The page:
“The deaths of the majority of the oldest and largest African baobabs over the past 12 years is an event of an unprecedented magnitude,” the scientists wrote. “These deaths were not caused by an epidemic, and there has also been a rapid increase in the apparently natural deaths of many other mature baobabs.”
But the findings came under fire from other researchers who study baobabs. David Baum, a botanist at the University of Wisconsin-Madison, disagreed with Patrut’s interpretation of how baobabs grow, pointing out that it was essentially based on his experience with few examples.
The baobab’s apparently unusual growth pattern, Baum added, could in fact be explained by its remarkable ability to grow more wood-generating tissue, such as when it has been wounded by a hungry elephant looking for food.
“I think he’s incorrect in his assessment of how baobab trees grow,” Baum said, referring to Patrut’s argument that baobabs grow into a ring-shaped structure. “I think he’s been misled by the way baobabs generate their bark and their wood into thinking that’s how they grow.”
And if Patrut is indeed misinterpreting the growth pattern of these plants, Baum said, this means the ages of the trees that Patrut extrapolated from his radiocarbon dating results could be very off. Trees could potentially be many hundreds of years older than the study’s estimates, he added.
On top of that, Baum said, the study does not present an actual rate of death for baobab trees, so it can’t actually quantify whether the rate of death for large baobab trees has actually increased in the past decade or so.
For his part, Baum said he suspected that the mortality rate was going up, pointing to his personal experience studying baobab trees in Madagascar.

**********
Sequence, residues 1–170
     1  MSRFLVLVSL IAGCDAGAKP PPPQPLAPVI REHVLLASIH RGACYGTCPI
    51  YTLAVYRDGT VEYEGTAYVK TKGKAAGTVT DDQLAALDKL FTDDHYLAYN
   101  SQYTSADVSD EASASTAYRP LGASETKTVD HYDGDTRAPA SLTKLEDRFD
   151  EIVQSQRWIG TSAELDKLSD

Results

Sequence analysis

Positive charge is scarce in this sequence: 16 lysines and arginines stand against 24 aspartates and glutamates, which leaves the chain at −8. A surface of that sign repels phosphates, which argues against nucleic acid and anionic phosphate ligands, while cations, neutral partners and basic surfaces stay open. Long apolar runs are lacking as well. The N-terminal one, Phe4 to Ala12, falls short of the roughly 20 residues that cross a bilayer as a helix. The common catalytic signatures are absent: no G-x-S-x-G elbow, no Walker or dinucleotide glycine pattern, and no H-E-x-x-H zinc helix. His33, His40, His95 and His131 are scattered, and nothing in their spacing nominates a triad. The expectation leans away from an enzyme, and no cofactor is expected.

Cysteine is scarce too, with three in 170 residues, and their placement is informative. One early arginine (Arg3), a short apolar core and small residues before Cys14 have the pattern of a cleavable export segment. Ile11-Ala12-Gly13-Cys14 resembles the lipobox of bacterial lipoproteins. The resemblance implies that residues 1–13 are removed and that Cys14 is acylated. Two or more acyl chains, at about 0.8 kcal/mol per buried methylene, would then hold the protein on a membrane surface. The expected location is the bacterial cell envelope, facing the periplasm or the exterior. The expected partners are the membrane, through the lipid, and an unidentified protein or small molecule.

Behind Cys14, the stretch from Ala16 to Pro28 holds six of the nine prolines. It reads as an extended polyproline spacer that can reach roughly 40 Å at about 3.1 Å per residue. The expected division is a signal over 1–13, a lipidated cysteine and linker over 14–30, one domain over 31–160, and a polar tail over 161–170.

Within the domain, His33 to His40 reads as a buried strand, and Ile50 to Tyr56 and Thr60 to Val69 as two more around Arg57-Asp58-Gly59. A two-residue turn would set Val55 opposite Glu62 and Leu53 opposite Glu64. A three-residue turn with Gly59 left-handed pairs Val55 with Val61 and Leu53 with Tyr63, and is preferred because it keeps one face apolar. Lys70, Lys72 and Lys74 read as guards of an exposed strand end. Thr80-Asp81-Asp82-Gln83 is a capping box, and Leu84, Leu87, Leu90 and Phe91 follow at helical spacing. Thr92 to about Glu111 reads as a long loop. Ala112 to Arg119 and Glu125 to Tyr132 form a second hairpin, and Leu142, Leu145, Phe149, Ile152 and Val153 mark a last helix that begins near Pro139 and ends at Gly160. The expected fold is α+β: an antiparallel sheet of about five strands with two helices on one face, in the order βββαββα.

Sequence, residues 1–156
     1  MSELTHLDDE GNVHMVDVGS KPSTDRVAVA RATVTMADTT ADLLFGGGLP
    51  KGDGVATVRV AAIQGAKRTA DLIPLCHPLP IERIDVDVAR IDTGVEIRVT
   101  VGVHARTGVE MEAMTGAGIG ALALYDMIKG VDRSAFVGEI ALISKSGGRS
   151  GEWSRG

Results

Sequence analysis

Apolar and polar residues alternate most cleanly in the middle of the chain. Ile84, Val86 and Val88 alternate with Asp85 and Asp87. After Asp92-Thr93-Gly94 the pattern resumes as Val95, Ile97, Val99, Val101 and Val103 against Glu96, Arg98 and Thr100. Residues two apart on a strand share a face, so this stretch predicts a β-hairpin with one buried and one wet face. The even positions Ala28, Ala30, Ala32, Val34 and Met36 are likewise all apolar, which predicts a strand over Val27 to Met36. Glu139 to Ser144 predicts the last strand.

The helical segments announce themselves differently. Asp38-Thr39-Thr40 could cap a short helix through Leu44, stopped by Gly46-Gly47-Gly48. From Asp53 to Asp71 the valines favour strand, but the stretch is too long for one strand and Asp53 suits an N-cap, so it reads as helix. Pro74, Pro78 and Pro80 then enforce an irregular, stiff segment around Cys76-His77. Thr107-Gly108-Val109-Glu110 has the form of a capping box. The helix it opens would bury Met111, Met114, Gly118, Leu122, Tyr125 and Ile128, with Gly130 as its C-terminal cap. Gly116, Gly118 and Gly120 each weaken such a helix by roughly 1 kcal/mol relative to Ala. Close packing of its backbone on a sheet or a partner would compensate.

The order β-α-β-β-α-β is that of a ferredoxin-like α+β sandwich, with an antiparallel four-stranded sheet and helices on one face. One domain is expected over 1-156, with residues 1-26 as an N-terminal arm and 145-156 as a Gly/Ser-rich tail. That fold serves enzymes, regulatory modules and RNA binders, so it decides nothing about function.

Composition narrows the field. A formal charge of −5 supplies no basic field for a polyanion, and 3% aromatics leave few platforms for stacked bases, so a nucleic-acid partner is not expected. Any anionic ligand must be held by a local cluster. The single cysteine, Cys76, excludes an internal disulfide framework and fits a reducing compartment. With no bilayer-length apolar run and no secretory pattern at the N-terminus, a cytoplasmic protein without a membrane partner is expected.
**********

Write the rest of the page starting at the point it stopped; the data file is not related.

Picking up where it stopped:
“It’s just tragic to imagine that these gorgeous trees that have been around for millennia should die,” Baum said.
One way scientists could get a handle on the rate would be to use historical records that go to the Victorian era to quantify the death rates for documented baobabs over time, he pointed out.
As for accurate ages, he said, perhaps the best method would be to take a core sample all the way through a large tree, not just through a few tens of centimeters. But Baum said there’s a small risk of introducing fungal infections by doing so, and it would probably be a hard sell for government agencies and private owners who had large baobabs on their land.
The scientists did not study what was causing the deaths of these arboreal behemoths, though they pointed to a possible suspect: climate change in the region.
“There has been a rapid increase in baobab deaths all across their range in southern Africa over a very short time span,” Patrut wrote in an email.
Southern Africa, he added, is one of the fastest warming areas due to climate change.
“Paleoclimate evidence suggests that baobabs are adapted to wetter, drier and colder conditions, but possibly not to hotter conditions,” he wrote. “We suspect that an unprecedented combination of temperature increase and extreme drought stress were responsible for these demises.”
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3:15 p.m. June 12: This story has been updated with additional comment from Adrian Patrut and David Baum.
9:50 a.m. June 12: This story has been updated with comments from Adrian Patrut and David Baum.
This story was originally published June 10 at 2:05 p.m.